The sheriff's department in Cherokee County, Georgia, is facing backlash after a captain described the alleged gunman in the killings of eight people at Atlanta-area spas as having "a really bad day."
The suspect, 21-year-old Robert Long, was taken into custody hours after the Tuesday shootings which took place at three different locations: one in Cherokee County and two in Atlanta.
When asked at Wednesday's news conference if Long understood the gravity of his alleged crimes, Cherokee County Sheriff's Capt. Jay Baker said, "I spoke with investigators, they interviewed him this morning. And they got that impression, yes -- he understood the gravity of it."
"And he was pretty much fed up and had been, kind of, at the end of his rope. And yesterday was a really bad day for him, and this is what he did," Baker said.
The reaction online to Baker's comment was swift.
"This is rage inducing. Not even 24hrs since he killed 8 people & a Cop apologizes for him," tweeted Qasim Rashid, a human rights lawyer and former candidate for Congress.
Eliza Orlins, a candidate for Manhattan district attorney, tweeted, "As a public defender, I've had cops call a young client of mine names I refuse to repeat for sleeping on a train platform. Two. Systems. Of. Justice."
Some police officials told ABC News that they believe Baker was trying to convey to reporters what Long told investigators, and that the use of the phrase "bad day" was Long's words.
Cherokee County Sheriff Frank Reynolds in a statement on Thursday defended Baker, saying his comments were "taken or construed as insensitive or inappropriate" but that they “were not intended to disrespect any of the victims, the gravity of this tragedy, or express empathy or sympathy for the suspect."
"Captain Baker had a difficult task before him, and this was one of the hardest in his twenty-eight years in law enforcement," Reynolds said.
"I have known and served with Captain Baker for many years. His personal ties to the Asian community and his unwavering support and commitment to the citizens of Cherokee County are well known to many," he continued. "On behalf of the dedicated women and men of the Cherokee County Sheriff’s Office we regret any heartache Captain Baker’s words may have caused."
Reynolds, who attended a vigil for the victims Thursday night, told Atlanta ABC affiliate WSB that a new public information officer from outside the sheriff's office had been assigned to the case.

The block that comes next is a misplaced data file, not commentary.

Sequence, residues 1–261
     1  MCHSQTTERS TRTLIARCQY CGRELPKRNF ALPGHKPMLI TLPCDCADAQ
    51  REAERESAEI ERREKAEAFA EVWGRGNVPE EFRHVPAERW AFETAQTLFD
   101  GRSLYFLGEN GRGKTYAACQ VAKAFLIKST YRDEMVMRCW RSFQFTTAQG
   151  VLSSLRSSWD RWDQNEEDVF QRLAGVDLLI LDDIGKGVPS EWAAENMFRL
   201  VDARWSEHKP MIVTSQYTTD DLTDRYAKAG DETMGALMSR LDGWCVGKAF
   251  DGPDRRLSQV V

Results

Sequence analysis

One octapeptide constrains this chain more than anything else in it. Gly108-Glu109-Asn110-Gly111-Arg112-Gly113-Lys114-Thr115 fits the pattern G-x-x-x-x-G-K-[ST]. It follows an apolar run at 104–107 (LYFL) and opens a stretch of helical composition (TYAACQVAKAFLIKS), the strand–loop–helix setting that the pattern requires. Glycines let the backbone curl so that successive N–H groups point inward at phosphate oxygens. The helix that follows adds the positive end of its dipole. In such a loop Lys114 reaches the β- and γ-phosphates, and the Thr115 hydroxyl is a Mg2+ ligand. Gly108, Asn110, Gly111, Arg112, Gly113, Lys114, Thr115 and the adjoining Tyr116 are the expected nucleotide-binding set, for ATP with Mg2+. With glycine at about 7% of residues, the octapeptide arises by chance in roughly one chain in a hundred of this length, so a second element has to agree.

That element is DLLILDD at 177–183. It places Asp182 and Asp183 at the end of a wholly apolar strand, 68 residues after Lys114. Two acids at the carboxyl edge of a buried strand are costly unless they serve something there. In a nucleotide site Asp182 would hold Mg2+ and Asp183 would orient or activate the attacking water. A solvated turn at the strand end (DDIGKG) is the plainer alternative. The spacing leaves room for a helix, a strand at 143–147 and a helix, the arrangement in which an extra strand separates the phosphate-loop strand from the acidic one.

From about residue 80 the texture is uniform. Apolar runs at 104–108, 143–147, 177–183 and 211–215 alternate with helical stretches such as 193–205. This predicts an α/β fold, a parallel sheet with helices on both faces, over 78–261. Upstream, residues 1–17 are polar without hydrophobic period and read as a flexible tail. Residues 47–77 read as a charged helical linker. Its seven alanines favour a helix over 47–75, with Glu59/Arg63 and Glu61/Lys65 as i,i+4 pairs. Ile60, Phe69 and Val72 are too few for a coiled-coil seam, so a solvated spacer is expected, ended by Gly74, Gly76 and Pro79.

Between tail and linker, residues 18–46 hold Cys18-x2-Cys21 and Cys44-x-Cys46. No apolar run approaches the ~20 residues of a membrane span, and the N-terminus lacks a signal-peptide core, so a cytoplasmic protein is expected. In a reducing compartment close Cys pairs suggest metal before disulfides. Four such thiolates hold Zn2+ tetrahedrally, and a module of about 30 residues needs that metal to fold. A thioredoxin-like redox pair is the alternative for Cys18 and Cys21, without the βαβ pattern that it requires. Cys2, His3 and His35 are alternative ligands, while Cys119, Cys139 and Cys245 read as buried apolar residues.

Baker is also under fire for a post on a now-deleted Facebook account that appeared to belong to him.
A post from March 30, 2020, said, "Place your order while they last," with a smiley emoji next to an image of T-shirts for sale that read, "Covid-19 Imported from Chy-na."
The Facebook account holder who shared the T-shirt image claimed that his employer was the Cherokee County Sheriff’s Office. His account included a photo of Baker in uniform outside the Cherokee County Sheriff's Office.
The account was deleted Wednesday night.
Baker did not immediately respond to ABC News' request for comment.
The eight victims, the majority of whom were women of Asian descent, were gunned down at three spas in the Atlanta area amid a rise in anti-Asian American and Pacific Islander hate crimes across the nation.
Long's motive remains unclear.
Long allegedly admitted to the killings, telling "investigators that he blames the massage parlors for providing an outlet for his addiction to sex," the Cherokee County Sheriff's Office said in a statement. Baker said at the news conference, "It's a temptation for him that he wanted to eliminate ... those were comments that he made."
The Cherokee County Sheriff's Office said that "Long told investigators the crimes were not racially motivated." Reynolds said at Wednesday's news conference, "It may be targets of opportunity. We believe he frequented these places."
However, Atlanta police said Wednesday evening, "Investigators are taking a hard look at what motivated the shooter. Our investigation is far from over and we have not ruled anything out."
President Joe Biden on Thursday ordered flags to half-staff in honor of the victims until March 22.
New Jersey Rep. Andy Kim tweeted Wednesday, "I’ve been asked if the violence against [Asian Americans and Pacific Islanders] is new, and if it is getting better with the increased recent visibility. The answer to both is no. Discrimination/violence existed before COVID and it will continue after. And sadly, I don’t think we have seen the worst of it."
"I can’t tell you how much it means to me and others that anti-AAPI violence has gotten attention," he continued. "Now we need follow through. Give AAPI communities more resources/coordination."
At a Thursday hearing in Congress on violence against Asian Americans, Senate Majority Leader Chuck Schumer said, "The fear in the Asian American community and the threat of violence against its members should be a topic of national conversation."
"It's up to us to speak out against it and to act against it," he said.
Long is charged with eight counts of murder. Long waived his first court appearance, according to his attorney, J. Daran Burns, who was appointed to represent Long by the Cherokee County Office of Indigent Defense on Wednesday.
"Everybody is doing their jobs, both law enforcement and the District Attorney’s Office. Now, our firm will conduct a thorough investigation on our client’s behalf," Burns said in a statement.
ABC News' Fergal Gallagher contributed to this report.